If you start Dear Sir you finish Yours faithfully

If you start Dear Name you finish Yours sincerely.

 

Letters should be:

 

  • Complete - ensure you have covered all that needs to be covered
  • Concise - be brief, don't waffle
  • Clear - use simple, meaningful language, use short sentence, be positive rather than negative language
  • Courteous - don't be aggressive
  • Assertive - the right tone receives the right response and priority

 

 

Useful Pointers

 

  • Decide on: the purpose of the letter, the attitude of the person you're writing to.
  • Keep in mind the character and background of the person/s reading the letter
  • Plan what you are going to include and in what order
  • Consider the details - where, when, why and how
  • Link the points in a logical order
  • Try to arouse interest immediately
  • What response/action do you want from the letter?

 

 

 

 

 

 

Task 7.3.3 Letter Writing

 

Write a letter to Adam Fool, the managing Director of Fool Hardy Ltd at 17 Dead End Street, Toy Town to request a meeting to discuss the possibility of carrying out the work on the New Office extension that they are proposing to build.

 

Word Guide: 300 – 400

 

 

 

 

7.3.4 Report Writing

Reports

Presenting the information

 

  • What does the reader want to know?
  • Has he/she a technical background?
  • Keep it simple, don’t use jargon
  • Use sketches, diagrams, photos
  • Make it well set out and easy to read

 

 

Sequence of Production

 

  • Prepare list of information required
  • Collect information - use sketches/photos
  • Arrange the information
  • Present the information

 

 

Arranging the information

Introduce the report:

 

  • purpose of the report
  • terms of reference
  • methods used
  • be concise
  • Use main and sub headings
  • Number your headings and sub headings
  • Keep facts and conclusions separate
  • Refer to facts when making conclusions
  • Summarise the main points of report

 

 

 

 

Task 7.3.4 Reports

 

 

Produce a list of headings that would be suitable for a report to assess the condition of a house prior to purchasing.

 

Word Guide: 100 – 200

 

 

7.3.5 Meetings

In order to be effective there are a number of considerations we should be aware of when we plan and conduct a meeting. Although it must be born in mind that there are many different types of meeting and informal meetings will not require the formal procedures that some committee meetings need to adhere to.

 

Arranging Meetings

 Ask yourself:

 

  • What is the purpose of the meeting?
  • Who needs to be there?
  • Where is it to be held?
  • When is it to be held?
  • How is it to be conducted?

 

 

The Agenda

Have an Agenda - making sure that members have an opportunity to include items for discussion. Give everyone copies in advance - or at least make sure that the agenda is clearly displayed for everyone to see.

 

Agenda Content

 

  • Apologies
  • Minutes of the last meeting
  • Matters arising
  • Items to be discussed
  • Any other business
  • Date/time of next meeting

 

 

Conducting the Meeting

 

  • Professional
  • Be prepared
  • Courteous and Polite
  • Keep to agenda
  • Avoiding distractions and time wasting

 

 

The Chair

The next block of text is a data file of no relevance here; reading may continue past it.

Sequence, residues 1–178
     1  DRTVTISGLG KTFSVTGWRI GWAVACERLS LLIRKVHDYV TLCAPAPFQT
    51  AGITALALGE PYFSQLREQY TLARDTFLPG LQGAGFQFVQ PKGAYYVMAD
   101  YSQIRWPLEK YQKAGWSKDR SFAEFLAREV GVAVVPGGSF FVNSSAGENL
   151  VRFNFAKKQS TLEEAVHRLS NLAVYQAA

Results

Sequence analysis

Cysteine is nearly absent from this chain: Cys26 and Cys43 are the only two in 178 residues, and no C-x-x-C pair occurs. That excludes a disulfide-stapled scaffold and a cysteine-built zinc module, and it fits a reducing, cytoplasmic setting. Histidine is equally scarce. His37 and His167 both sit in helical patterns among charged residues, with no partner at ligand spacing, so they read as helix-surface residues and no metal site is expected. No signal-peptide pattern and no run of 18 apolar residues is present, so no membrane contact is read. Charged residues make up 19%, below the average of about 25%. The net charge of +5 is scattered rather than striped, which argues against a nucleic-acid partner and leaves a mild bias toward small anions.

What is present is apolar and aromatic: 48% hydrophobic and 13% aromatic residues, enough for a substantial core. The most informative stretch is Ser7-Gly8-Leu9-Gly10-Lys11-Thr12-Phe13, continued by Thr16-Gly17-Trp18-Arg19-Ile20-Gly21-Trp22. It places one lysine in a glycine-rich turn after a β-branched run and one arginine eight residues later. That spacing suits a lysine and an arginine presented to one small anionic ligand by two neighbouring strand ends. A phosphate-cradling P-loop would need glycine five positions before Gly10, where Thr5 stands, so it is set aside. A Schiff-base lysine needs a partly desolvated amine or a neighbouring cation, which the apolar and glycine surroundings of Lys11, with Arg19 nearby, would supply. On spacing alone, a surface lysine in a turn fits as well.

The role of the chair is to: 

 

  • Convenes and runs meetings with the group's active support
  • May act as spokesperson for the group, by representing  the group's views.

 

 

Responsibilities: 

 

  • Planning and preparing for a meeting with the Secretary
  • Asking for apologies for absence
  • Welcoming and involving any new members
  • Introducing each agenda item with a brief summary
  • Running the meeting so everyone has a chance to  contribute
  • Encouraging the group to reach clear decisions
  • Summarising decisions
  • Clarifying action to be taken, and who will take it
  • Fixing a date for the next meeting if appropriate
  • Declaring the meeting closed.

 

It is important to remember that the Chair can only operate with the assistance of the group and everybody has responsibility for the conduct of meetings.

 

Minutes

A record of each meeting must be kept so that any agreements or items discussed are recorded and the appropriate people are informed.

The record of a meeting is known as the Minutes and is written in the past tense eg “RG reported that the fire alarm was not working” not “The fire alarm is not working”

 

Minutes - a practical check-list

 

  • Take detailed notes during the meeting and write them up into Minutes straight after the meeting.
  • Keep the notes as a backup until the group approves your Minutes at the next meeting.
  • For key decisions that are really important, get agreement for the wording during the meeting itself.
  • Keep the Minutes short and to the point.
  • Always minute important decisions taken, any action, and who will be doing it.
  • Circulate Minutes before the next meeting both as a record and a reminder.
  • Keep all the Minutes together in one file, so they can be referred to in case of later queries.

 

 

 

 

 

Task 7.3.5 Meetings

 

 

Produce an agenda for a site meeting to discuss the progress of work.

 

Word Guide: 100 – 200

 

 

Unit Complete
 
You have now completed Unit 7. So you should complete your assignment and send it to info@gatesmacbain.co.uk. 
 
When submitting your assignment you should ensure that it meets all the requirements set out on the Submitting Assignments page, which is accessible from the Student Area.
 
You will be notified as soon as this has been assessed and will then be advised as to your next unit.